A very small step for music-kind

Tuesday, 23 December 2003, 4:53 AM EST

On Friday, the D.C. federal appeals court ruled that the recording industry's efforts to subpoena the names and addresses of ISP Verizon's customers who were using P2P file-sharing networks to download and upload copyrighted music were unlawful. However, the decision rests on a narrow reading of the federal Digital Millennium Copyright Act (DMCA), and likely will have little long-term impact on the file sharing debate.

In fact, at the same time the D.C. court was narrowing the ability to get discovery of anonymous users of the Internet, a court in Connecticut reinforced a private company's right to determine the identity of a person who anonymously criticized the company in e-mail.

The rulings both go to the core of that most cherished and reviled privilege of online life: anonymity.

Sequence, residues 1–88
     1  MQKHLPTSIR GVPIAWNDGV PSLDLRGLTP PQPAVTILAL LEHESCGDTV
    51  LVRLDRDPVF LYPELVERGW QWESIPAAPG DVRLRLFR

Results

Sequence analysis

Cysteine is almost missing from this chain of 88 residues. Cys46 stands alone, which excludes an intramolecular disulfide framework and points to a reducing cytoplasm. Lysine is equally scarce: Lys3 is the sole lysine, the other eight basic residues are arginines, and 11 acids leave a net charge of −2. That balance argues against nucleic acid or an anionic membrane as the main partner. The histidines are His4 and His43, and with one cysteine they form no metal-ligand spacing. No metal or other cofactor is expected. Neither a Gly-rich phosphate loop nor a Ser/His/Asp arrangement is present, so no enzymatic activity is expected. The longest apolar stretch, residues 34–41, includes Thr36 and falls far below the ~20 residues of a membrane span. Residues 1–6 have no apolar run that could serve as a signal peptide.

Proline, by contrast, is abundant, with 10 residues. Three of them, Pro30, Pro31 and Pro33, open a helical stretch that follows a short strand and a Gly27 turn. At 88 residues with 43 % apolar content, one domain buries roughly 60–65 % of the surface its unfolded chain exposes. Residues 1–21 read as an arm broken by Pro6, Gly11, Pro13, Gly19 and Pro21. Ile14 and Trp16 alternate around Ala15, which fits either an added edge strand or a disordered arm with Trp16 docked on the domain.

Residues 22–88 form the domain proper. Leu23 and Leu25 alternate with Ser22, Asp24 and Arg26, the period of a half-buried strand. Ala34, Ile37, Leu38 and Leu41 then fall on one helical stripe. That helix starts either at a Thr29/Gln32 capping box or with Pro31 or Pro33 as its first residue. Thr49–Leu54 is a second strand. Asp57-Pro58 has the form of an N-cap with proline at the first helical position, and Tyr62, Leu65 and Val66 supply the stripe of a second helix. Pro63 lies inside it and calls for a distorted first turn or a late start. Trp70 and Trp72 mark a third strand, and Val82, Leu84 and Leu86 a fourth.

[ Read more ]




Spotlight

USBdriveby: Compromising computers with a $20 microcontroller

Posted on 19 December 2014.  |  Security researcher Samy Kamkar has devised a fast and easy way to compromise an unlocked computer and open a backdoor on it: a simple and cheap ($20) pre-programmed Teensy microcontroller.


Weekly newsletter

Reading our newsletter every Monday will keep you up-to-date with security news.
  



Daily digest

Receive a daily digest of the latest security news.
  
DON'T
MISS

Fri, Dec 19th
    COPYRIGHT 1998-2014 BY HELP NET SECURITY.   // READ OUR PRIVACY POLICY // ABOUT US // ADVERTISE //